Like the New Year celebrations, according to the Gregorian calendar, the Lunar New Year also has several surprises and activities for the public. A common practice among Filipinos who want to share in the festivities with their Chinese friends and family is visiting Binondo, or the famous Chinatown in Manila, to witness firsthand several traditional ways to welcome the new year and usher in luck.

The Lunar New Year, for many, is the ideal time to have a fresh start and define how the rest of the year will turn out. As such, many engage in feng shui to learn their fortune and embrace the best ways to welcome prosperity or even practice well-known Chinese superstitions.

Chinese superstitions adapted in the Philippines are known for bringing luck and warding off misfortune. For instance, superstitions like paying off debts before the year’s end signify leaving bad financial habits in the past and facing the future free of monetary constraints.

Other examples are taking medicine, using sharp objects, and gifting clocks or scissors, which are bad omens. Meanwhile, wearing torn, damaged, black, or white will invite bad luck. Instead, one should opt for red or polka-dotted clothing to symbolize positive energy, luck, and wealth.

In households, those celebrating the Lunar New Year fill their rice and water containers to the brim, display coins throughout the house, and open all doors, windows, cabinets, and drawers to welcome luck into every possible space. Some even immerse in general cleaning of their space to symbolize a fresh start for another year.

Those who believe in the power of charms and a balance within their homes also visit feng shui experts to get their insights.

Besides embracing superstitious beliefs, the public celebrates Chinese New Year in various ways. One is sharing a reunion dinner on the Lunar New Year’s Eve. However, the dishes served should have at least eight ingredients because the number eight symbolizes prosperity. It’s also relevant to remember that having an abundance of food on the table is believed to signify abundance throughout the year.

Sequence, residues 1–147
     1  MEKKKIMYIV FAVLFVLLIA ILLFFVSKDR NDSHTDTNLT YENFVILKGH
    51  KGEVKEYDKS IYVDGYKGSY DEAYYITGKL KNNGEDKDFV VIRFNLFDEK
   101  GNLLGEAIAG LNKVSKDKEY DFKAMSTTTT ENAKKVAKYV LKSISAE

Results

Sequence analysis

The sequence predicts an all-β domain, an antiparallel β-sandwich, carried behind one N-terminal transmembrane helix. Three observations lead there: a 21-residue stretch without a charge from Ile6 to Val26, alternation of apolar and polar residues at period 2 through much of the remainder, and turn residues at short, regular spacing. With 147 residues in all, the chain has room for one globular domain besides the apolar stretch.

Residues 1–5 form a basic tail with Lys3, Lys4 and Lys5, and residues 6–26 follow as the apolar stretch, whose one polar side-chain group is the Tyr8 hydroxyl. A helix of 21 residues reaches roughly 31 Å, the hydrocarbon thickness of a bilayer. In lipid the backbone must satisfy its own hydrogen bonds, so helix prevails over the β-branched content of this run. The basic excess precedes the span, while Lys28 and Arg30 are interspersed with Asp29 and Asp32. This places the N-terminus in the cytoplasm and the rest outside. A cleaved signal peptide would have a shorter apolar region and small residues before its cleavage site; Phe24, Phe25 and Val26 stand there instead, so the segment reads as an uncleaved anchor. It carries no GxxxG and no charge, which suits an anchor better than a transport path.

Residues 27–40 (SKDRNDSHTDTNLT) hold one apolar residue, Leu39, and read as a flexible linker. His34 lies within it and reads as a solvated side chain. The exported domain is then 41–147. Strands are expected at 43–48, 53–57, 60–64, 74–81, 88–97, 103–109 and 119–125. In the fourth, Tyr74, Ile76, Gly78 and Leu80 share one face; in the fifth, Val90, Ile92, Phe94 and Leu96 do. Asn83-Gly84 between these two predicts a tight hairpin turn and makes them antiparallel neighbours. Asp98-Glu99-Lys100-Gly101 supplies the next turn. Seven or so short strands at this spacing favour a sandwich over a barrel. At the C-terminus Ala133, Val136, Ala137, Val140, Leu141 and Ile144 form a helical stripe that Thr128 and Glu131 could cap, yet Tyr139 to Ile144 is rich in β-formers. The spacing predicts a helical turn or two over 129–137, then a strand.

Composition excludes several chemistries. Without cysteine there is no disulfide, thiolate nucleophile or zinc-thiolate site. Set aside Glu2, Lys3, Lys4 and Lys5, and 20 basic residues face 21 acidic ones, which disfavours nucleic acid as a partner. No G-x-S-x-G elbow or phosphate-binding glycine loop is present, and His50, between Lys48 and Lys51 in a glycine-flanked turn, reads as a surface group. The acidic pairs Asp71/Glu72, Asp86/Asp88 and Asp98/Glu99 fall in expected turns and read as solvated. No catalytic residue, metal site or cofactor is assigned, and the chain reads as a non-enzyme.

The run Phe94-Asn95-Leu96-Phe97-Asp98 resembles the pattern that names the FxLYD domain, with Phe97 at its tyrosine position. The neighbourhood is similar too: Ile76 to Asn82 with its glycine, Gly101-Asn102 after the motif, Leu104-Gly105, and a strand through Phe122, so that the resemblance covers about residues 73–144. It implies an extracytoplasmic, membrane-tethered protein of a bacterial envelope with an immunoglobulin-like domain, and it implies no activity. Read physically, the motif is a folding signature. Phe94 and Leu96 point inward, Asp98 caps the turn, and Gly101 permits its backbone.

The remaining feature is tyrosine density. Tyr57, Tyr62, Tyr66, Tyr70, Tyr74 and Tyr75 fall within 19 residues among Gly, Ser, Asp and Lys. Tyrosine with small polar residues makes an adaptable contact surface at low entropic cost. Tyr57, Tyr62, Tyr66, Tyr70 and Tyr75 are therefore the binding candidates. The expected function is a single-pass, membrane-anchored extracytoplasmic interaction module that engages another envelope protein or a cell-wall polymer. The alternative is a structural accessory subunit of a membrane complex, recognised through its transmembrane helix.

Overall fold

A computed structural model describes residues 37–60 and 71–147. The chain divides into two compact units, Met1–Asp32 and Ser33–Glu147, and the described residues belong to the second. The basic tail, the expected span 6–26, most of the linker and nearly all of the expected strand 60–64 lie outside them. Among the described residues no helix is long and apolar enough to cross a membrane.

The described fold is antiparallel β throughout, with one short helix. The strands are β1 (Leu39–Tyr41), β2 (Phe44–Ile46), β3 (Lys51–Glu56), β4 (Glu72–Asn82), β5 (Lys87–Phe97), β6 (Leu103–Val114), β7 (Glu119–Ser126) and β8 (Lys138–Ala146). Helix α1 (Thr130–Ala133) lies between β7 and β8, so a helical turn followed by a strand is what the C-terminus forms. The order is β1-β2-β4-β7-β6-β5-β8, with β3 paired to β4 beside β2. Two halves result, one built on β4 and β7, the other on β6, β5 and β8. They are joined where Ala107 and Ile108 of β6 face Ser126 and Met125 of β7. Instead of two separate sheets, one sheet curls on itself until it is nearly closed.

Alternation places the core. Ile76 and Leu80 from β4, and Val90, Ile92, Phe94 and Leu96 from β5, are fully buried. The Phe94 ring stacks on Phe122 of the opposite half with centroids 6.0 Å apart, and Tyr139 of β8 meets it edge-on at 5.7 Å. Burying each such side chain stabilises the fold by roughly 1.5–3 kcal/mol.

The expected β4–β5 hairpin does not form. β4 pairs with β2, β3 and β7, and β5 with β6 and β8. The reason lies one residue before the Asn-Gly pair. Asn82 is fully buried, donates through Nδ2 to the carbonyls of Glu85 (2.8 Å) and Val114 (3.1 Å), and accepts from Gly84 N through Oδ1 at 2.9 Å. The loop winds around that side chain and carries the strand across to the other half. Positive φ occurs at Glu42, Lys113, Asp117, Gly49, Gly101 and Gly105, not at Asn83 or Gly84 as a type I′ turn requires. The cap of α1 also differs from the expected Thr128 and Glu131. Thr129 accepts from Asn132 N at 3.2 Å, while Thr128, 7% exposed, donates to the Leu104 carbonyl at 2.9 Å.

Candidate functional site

While hosts can choose from various dishes, they should always have tikoy available. Tikoy, or nian gao, sometimes translated as New Year cake or Chinese New Year’s cake, is a food prepared from glutinous rice flour and consumed in Chinese cuisine.

Another thing that many people look out for during the Chinese New Year is ampaos or ang paos. These are red envelopes that contain money. Traditionally, elders give these to children to wish for their safety and well-being throughout the year. 

Businesses or commercial establishments also have their fair share of Chinese New Year traditions. The most popular is the lion dance, accompanied by loud drum beats to symbolize the loud noises the beast from legend feared. Some believe it brings luck and prosperity to its witnesses.

While globalization continues to reshape our world, the Chinese New Year in the Philippines takes on new shades, adapting and merging with local traditions. From Binondo’s bustling streets to home-cooked tikoy shared with loved ones, the festival pulsates with a dynamic energy, ever-evolving while staying true to its core.

As we step into this new year, may we carry the lessons of the past, the warmth of community, and the spirit of embracing the richness that comes from diverse cultural threads interwoven into a single, vibrant tapestry.